Australian investor and business groups have issued a warning to the Western Australian Government on the Aboriginal Cultural Heritage Bill.
The Dhawura Ngilan Business and Investor Initiative, led by the First Nations Heritage Protection Alliance in partnership with Global Compact Network Australia (GCNA), the Responsible Investment Association Australasia (RIAA) and the Australian Council of Superannuation Investors (ACSI), warn that the bill, tabled on Tuesday and passed through the lower house on Thursday, will fail Aboriginal people and is insufficient in protecting cultural heritage.
Executive Lead, First Nations engagement, Lendlease and Chair of the Dhawura Ngilan Business and Investor Initiative, Cath Brokenborough said any new heritage protection legislation must take “on board the lessons learned from the tragic destruction of the Juukan Gorge, so that such harm doesn’t occur again”.
“This Bill falls far short of providing that confidence,” she said.
Executive Director of GCNA, Kylie Porter, said the bill fails to “adequately take on board some key lessons learnt and responded to in the recommendations made by the A Way Forward report of the Federal Government Joint Standing Committee on Northern Australia”.
“[It] does not instill confidence that First Nations Australians’ rights, under the UN Declaration on the Rights of Indigenous Peoples (UNDRIP), will be protected with these proposed new laws, especially the principle of Free, Prior and Informed Consent,” she said.
The tragedy of Juukan Gorge opened the eyes of the investment community to their role in ensuring the protection of cultural heritage. RIAA CEO Simon O’Connor said the current legislation is insufficient and will “continue to see Western Australia as having elevated risks of the type seen in the tragic destruction of Juukan Gorge”.
“This Bill risks further damage to Australia’s great cultural assets, to the rights of First Nations peoples, as well as to the value of our investments in the companies and assets to which our members are directing capital,” he said.
“This risk has the potential to lead to a higher cost of capital for businesses operating in WA.”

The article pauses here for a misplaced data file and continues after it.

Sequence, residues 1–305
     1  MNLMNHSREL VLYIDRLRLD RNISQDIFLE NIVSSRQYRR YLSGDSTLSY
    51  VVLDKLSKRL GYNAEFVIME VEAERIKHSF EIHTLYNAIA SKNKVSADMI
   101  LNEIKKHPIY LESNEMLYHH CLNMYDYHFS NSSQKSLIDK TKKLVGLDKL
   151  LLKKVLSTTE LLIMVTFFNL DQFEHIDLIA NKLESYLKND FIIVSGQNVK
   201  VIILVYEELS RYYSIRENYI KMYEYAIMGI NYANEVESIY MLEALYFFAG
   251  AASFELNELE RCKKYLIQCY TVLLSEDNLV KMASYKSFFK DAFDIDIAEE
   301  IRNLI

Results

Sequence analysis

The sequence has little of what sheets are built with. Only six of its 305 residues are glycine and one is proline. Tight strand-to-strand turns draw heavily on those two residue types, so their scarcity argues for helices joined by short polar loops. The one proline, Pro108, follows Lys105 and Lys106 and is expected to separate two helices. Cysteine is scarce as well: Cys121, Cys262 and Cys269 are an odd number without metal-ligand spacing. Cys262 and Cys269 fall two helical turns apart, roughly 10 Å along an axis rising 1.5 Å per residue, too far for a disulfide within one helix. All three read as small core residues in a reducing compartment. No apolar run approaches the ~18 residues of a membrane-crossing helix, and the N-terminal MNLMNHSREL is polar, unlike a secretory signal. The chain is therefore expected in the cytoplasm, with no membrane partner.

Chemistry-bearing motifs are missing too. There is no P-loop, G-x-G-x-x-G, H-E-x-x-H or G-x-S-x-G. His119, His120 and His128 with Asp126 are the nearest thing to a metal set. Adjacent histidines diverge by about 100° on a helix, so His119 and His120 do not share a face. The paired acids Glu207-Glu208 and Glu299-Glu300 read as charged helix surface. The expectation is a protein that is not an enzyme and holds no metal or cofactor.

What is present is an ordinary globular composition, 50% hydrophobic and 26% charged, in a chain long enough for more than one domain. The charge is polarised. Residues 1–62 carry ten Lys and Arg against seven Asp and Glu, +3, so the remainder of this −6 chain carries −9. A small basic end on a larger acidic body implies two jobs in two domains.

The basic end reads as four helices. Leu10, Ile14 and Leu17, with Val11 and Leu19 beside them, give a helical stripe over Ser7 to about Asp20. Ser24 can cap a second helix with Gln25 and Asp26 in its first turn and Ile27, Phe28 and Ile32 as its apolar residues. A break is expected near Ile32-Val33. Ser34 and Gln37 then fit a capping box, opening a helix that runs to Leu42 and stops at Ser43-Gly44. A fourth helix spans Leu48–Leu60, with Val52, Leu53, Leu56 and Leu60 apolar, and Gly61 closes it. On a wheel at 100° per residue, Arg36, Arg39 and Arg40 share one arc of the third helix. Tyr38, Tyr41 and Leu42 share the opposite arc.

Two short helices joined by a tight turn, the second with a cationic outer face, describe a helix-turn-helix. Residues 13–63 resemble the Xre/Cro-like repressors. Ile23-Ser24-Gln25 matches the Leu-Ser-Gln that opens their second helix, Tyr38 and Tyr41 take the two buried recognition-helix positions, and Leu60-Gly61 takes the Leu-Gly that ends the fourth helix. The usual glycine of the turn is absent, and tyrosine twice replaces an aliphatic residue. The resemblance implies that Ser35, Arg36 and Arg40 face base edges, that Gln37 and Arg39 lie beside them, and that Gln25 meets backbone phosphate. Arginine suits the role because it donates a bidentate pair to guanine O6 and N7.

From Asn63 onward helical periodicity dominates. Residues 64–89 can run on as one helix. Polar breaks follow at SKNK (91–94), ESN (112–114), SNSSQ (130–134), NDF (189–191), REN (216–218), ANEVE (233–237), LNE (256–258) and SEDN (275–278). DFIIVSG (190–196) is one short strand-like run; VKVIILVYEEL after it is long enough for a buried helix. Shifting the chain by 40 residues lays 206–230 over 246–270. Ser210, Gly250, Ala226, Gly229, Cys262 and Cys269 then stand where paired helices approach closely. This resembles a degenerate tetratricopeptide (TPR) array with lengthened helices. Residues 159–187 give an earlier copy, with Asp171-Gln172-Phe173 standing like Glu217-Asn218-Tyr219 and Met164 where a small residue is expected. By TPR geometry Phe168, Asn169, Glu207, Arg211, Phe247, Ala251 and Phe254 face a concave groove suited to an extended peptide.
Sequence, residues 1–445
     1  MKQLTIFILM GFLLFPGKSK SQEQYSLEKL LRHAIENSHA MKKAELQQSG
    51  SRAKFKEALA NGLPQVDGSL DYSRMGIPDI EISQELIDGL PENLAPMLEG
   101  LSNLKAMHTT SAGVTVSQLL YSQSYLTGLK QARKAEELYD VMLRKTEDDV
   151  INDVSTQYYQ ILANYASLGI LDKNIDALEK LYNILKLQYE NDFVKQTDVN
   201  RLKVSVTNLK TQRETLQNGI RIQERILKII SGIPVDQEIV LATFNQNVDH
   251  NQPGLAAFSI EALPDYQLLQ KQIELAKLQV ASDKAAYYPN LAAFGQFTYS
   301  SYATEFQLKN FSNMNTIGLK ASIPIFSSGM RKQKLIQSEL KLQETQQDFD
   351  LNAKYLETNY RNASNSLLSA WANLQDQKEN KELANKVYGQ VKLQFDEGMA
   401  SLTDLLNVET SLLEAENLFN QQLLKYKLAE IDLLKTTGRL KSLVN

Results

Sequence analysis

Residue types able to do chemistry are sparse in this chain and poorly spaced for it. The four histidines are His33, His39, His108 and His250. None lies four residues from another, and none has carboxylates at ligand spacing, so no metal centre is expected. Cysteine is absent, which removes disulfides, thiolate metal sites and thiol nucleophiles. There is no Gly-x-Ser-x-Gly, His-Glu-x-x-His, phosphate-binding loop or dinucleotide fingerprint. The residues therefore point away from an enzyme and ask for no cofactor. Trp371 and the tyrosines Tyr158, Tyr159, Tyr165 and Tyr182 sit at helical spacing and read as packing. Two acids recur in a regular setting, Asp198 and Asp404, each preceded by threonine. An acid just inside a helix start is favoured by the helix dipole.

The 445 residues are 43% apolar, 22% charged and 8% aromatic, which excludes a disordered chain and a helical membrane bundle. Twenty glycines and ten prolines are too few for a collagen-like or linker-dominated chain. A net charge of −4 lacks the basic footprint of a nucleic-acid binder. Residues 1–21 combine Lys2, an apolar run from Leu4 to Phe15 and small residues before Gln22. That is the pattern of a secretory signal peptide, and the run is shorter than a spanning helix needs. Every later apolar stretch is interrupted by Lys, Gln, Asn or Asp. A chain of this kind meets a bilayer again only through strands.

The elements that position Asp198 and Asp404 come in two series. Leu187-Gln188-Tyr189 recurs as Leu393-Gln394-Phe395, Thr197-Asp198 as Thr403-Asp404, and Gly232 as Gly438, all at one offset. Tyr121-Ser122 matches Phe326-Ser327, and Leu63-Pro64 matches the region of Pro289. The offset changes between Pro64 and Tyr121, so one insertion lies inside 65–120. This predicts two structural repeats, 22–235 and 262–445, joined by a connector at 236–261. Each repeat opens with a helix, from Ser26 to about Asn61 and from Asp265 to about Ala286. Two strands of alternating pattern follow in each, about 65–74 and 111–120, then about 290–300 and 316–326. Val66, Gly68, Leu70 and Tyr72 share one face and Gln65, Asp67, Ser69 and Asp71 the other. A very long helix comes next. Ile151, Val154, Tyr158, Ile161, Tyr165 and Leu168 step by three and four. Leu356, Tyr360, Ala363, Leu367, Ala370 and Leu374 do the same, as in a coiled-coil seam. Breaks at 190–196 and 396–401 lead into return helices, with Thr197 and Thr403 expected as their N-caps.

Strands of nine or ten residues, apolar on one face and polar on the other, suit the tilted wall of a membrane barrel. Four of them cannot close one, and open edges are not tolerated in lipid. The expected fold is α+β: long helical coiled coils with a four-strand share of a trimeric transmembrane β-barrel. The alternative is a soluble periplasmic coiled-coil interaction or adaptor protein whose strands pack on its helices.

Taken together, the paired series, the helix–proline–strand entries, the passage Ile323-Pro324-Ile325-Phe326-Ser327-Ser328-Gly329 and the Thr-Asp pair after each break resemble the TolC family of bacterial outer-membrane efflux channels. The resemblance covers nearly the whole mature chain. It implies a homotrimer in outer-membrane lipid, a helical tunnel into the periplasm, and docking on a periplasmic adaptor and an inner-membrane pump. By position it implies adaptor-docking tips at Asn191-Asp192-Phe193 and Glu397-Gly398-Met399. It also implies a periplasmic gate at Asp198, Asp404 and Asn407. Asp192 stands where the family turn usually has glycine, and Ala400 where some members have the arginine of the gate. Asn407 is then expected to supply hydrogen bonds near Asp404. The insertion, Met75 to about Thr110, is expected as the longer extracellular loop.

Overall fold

Investors opposing the bill, join an already strong chorus of First Nations People who have been advocating against the bill since its drafting.
CEO of the Australian Council of Superannuation Investors, Louise Davidson said the poor engagement with First Nations People, the exclusion of First Nations voices in drafting, and the lack of protection for cultural heritage are the main sources of concern for investors.
“While long-term investors expect companies to go beyond mere compliance with minimum standards, the legislative framework provides a critical baseline. It is therefore crucial to make sure the law is robust and provides increased assurance that risks will be adequately managed and mitigated,” she said.
“The current Bill has been widely criticised by First Nations’ leaders, peak bodies and Native Title and cultural heritage specialists which deeply concerns us as long-term investors,” added HESTA Head of Impact Mary Delahunty.
Delahunty noted that many aspects of the Bill were “watered down” from the published draft in 2020.
“Of particular concern is the treatment of appeal rights that further entrench power imbalances between First Nations communities and mining companies,” she said.
“There is emerging consensus among representatives of First Nations peoples and the Responsible Investment industry that this version of the WA Bill sets the bar below international standards and will not prevent another Juukan Gorge.
“This confirms the importance of the findings of the Parliamentary Inquiry into the destruction of Juukan Gorge, that there is an urgent need to establish a consistent national legal framework for greater oversight.”
The Dhawura Ngilan Business and Investor Initiative have issued a call that the WA Government present legislation that is developed through a process of co-design with First Nations Peoples.
Victorian Aboriginal Heritage Council and Group CEO of the Dja Dja Wurrung Clans Aboriginal Corporation and Steering Committee member of the Initiative, Rodney Carter said First Nations peoples, along with business and investors, are expecting that any amendments to legislation addressing cultural heritage would only “strengthen First Nations peoples’ rights, consistent with our international obligations such as under the UNDRIP”.
“Greater protections and improved standards are ultimately to the benefit of all, especially our future generations that do not yet have a voice. Very disappointingly, this is not case,” he said.
The Dhawura Ngilan Business and Investor Initiative supports all recommendations of the Juukan Gorge inquiry, specific the need for new legislation to set out heritage protection consistent with UNDRIP and the Dhawura Ngilan: A Vision for Aboriginal and Torres Strait Islander Heritage in Australia.
Currently, they note the Bill falls short of both these standards.
By Rachael Knowles